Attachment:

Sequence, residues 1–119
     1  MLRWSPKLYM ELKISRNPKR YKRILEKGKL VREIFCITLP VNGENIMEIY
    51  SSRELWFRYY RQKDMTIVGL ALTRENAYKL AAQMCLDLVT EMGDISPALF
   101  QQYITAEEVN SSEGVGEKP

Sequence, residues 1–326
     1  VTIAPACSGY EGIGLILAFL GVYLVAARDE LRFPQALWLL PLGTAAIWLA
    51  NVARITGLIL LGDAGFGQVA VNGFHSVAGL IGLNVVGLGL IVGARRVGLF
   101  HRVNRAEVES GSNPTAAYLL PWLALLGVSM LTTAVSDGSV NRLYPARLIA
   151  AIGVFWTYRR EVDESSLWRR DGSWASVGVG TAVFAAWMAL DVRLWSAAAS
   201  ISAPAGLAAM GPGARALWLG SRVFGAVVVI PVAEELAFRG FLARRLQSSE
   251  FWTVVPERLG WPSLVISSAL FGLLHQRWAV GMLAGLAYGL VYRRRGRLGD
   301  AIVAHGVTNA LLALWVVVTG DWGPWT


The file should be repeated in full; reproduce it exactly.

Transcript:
Sequence, residues 1–119
     1  MLRWSPKLYM ELKISRNPKR YKRILEKGKL VREIFCITLP VNGENIMEIY
    51  SSRELWFRYY RQKDMTIVGL ALTRENAYKL AAQMCLDLVT EMGDISPALF
   101  QQYITAEEVN SSEGVGEKP

Sequence, residues 1–326
     1  VTIAPACSGY EGIGLILAFL GVYLVAARDE LRFPQALWLL PLGTAAIWLA
    51  NVARITGLIL LGDAGFGQVA VNGFHSVAGL IGLNVVGLGL IVGARRVGLF
   101  HRVNRAEVES GSNPTAAYLL PWLALLGVSM LTTAVSDGSV NRLYPARLIA
   151  AIGVFWTYRR EVDESSLWRR DGSWASVGVG TAVFAAWMAL DVRLWSAAAS
   201  ISAPAGLAAM GPGARALWLG SRVFGAVVVI PVAEELAFRG FLARRLQSSE
   251  FWTVVPERLG WPSLVISSAL FGLLHQRWAV GMLAGLAYGL VYRRRGRLGD
   301  AIVAHGVTNA LLALWVVVTG DWGPWT